Tuesday, October 12, 2010

Learning and Growing--Cypress Swamp Work in Progress

I just got back to this cypress swamp piece today after working on a new, larger landscape painting for awhile. I had mentioned in my last post that I was using Linda Blondheim's e-critique service in the early stages of this 8" x 10" study. She was complimentary of the overall composition at the point I showed you last time, but asked, "What do you plan as the focal point?" Even though I was liking it in that form, with the simple pattern of cypress trunks against a soft background, it did need something more to draw the viewer's eye. The reference photos (seen in the previous post), as you may recall, came from our visit to Babcock Wilderness Adventures, a tour of extensive, varied preserve areas near Punta Gorda, on Florida's Gulf Coast.
I experimented, just lightly sketching one or more egrets or other wading birds in various spots in the scene, but they seemed "too much" somehow. I liked the simplicity and relative emptiness of the piece and wanted just a hint of something more. But what? Walking past the pond in our neighborhood just as a frog, turtle (or some critter) put a nose up gave me an interesting idea. Perhaps I could suggest the rich underwater life in this swamp without showing any particular creature by painting in some ripples to suggest that a frog, fish, or maybe even a gator had broken the surface of the otherwise still water. So, here is a start in that direction, which I hope will add a subtle hint of life.
I will continue to texture the nearest cypress trunk to the ripples (right foreground). Now that a subtle center of interest will be there, I will reinforce that with more contrast and texture and will tone down the trunk in the left foreground just a bit to avoid competing. There is also more work to do (as you can see) in developing and filling in the background and in completing the water and reflections. This one is developing slowly, given its relatively small size, but I am completely enjoying the process and am in no hurry. Given that I may paint the scene in a larger format later, I believe that taking care with composition and values now will be well worth it. Even if this is the only version ever, it is providing a pleasant creative journey.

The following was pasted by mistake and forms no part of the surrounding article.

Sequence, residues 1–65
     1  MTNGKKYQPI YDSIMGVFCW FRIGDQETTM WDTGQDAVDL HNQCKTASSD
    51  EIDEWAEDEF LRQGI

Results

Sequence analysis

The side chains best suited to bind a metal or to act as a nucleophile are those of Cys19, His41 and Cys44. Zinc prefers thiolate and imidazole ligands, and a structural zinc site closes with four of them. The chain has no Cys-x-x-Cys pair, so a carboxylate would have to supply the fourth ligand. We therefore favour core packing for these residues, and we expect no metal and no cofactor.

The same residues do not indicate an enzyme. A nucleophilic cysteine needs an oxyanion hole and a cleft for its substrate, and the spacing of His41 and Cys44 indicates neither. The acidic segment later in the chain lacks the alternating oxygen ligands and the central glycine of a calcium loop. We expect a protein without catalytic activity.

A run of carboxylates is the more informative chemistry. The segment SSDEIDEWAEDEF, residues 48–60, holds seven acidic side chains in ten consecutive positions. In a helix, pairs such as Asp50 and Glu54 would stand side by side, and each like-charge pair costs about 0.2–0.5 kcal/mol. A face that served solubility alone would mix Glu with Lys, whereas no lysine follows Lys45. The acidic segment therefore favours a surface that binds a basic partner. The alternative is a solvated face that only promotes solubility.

Question of the day: Do you suppose that the tranquility of the cypress swamp I am representing has influenced my mood and pace in this work? The process has not caused any frustration--unlike some other slow-to-fruition works. Thank you, Florida Wilderness.


  1. I do like the ripples as a center of interest, but it's a multifocal point. The concentric rings are a subtle reminder of the impact we have on Florida's environment just by living here or visiting, while at the same time the life forms (trees, animals) and the landscapes they inhabit break our tension like that of the water's surface. It's a very healing piece, Mary.

  2. Wow, W2W, the wisdom and beauty of your comment is truly amazing! Reading it sparked a whole range of thoughts for me--many, many thanks. I appreciate that you find the piece healing and that we share a concern for this very special area. Although that concern is a central impetus for my work, I never would have thought of the concentric rings this way on my own. I needed a creative, insightful writer like you to point the way, and your comment is a true gift.

  3. Mary,

    You are one talented lady. What an interesting blog you have. Your art work is outstanding and your words are interesting. I will return again. All the best to you.


  4. What lovely things to say, Joan! Thanks for your visit; I'm glad you like the blog.

  5. What a great piece Mary! So soft, so peaceful - not at all like the swampland we see in those movies!

  6. Thank you so much, Liz. Yes, the more I see the wide variety of wetlands, the more I appreciate all of them. In our area, we have both salt marshes and fresh water swamps like the one in the photo--and of course, every kind of brackish water wetland between full salt and full fresh.